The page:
If all sugar does is add calories to the diet, just as any other food does, then it is, in effect, benign. All foods supply calories and there is no difference between the calories that come from sugar or steak or grapefruit or ice cream.
Is it the right paradigm to understand the disorder? The competing hypothesis has existed for over a century: By this logic, the foods we eat influence fat accumulation not because of their caloric content but because of their macronutrient content, the proteins, fats and carbohydrates they contain.
It proposes that dysregulation of this exquisitely-evolved, finely-tuned homeostatic system a system that is biologically balanced is the necessary component to explain both the excessive storage of calories of fat — obesity — and the diabetes that accompanies it.
This alternate hypothesis implies that sugar has unique effects in the human body leading directly to both diabetes and obesity, independent of the calories consumed. By this way of thinking, refined sugars are indeed toxic, albeit over the course of years or decades.
If all this is right, then thinking of obesity as an energy-balance disorder is as meaningless as calling poverty a money-balance problem caused, of course, by earning too little or spending too much, or both.
Understanding how this happened requires we attend to history.
The modern era of nutrition science dates to the late s, when German researchers pioneered the use of room-sized devices called calorimeters. These allowed them to measure the energy expended by human or animal subjects under different conditions of diet and activity.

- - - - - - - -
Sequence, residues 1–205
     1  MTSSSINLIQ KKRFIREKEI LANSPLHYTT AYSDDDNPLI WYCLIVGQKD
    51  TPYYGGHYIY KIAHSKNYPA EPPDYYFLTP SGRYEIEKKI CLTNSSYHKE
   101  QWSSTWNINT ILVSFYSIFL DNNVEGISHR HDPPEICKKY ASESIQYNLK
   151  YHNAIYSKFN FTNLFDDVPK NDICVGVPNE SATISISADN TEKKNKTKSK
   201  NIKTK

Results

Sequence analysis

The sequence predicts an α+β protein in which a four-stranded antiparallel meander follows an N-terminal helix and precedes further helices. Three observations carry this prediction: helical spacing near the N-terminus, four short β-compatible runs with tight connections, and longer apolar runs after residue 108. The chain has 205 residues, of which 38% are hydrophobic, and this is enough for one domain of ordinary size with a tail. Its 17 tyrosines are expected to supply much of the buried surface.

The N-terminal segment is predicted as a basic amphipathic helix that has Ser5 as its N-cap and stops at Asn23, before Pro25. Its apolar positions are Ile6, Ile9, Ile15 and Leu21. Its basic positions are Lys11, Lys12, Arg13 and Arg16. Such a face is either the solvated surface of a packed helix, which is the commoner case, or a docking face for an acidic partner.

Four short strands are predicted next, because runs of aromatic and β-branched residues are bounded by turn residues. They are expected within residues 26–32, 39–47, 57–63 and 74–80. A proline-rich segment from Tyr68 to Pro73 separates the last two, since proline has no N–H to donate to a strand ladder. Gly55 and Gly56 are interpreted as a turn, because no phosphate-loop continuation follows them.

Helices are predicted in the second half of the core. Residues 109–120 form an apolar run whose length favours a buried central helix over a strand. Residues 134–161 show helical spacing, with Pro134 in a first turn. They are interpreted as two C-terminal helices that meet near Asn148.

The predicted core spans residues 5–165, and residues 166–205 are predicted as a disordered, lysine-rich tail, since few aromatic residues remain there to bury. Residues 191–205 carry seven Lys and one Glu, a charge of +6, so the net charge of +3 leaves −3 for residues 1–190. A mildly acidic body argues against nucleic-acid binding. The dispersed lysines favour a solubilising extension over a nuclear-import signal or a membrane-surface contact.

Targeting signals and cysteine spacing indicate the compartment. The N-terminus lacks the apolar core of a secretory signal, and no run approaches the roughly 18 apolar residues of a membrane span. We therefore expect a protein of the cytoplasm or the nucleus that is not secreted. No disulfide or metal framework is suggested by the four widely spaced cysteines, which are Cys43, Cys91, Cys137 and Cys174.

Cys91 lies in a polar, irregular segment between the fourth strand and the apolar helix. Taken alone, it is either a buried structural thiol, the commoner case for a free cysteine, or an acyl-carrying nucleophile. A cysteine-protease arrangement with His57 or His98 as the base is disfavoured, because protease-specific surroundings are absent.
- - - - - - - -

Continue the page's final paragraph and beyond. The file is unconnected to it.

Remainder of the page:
This was a function of the research tools available at the time, and it has remained the foundation of nutrition wisdom ever since. The idea of obesity as an energy-balance disorder emerged directly from what was considered one of the great triumphs in nutrition in the late 19th-century: In line with this research, nutritionists embraced calories and energy as the currency of their discipline, and physicians, speculating as to the cause of obesity, naturally did the same.
This logic is still with us today.
The existence of a fundamental fault, however, could not be dismissed so lightly, as German and Austrian investigators were still arguing at the time. Worth noting is that the German and Austrian research communities had pioneered all the fields of science relevant to understanding obesity — including nutrition, metabolism, endocrinology and genetics.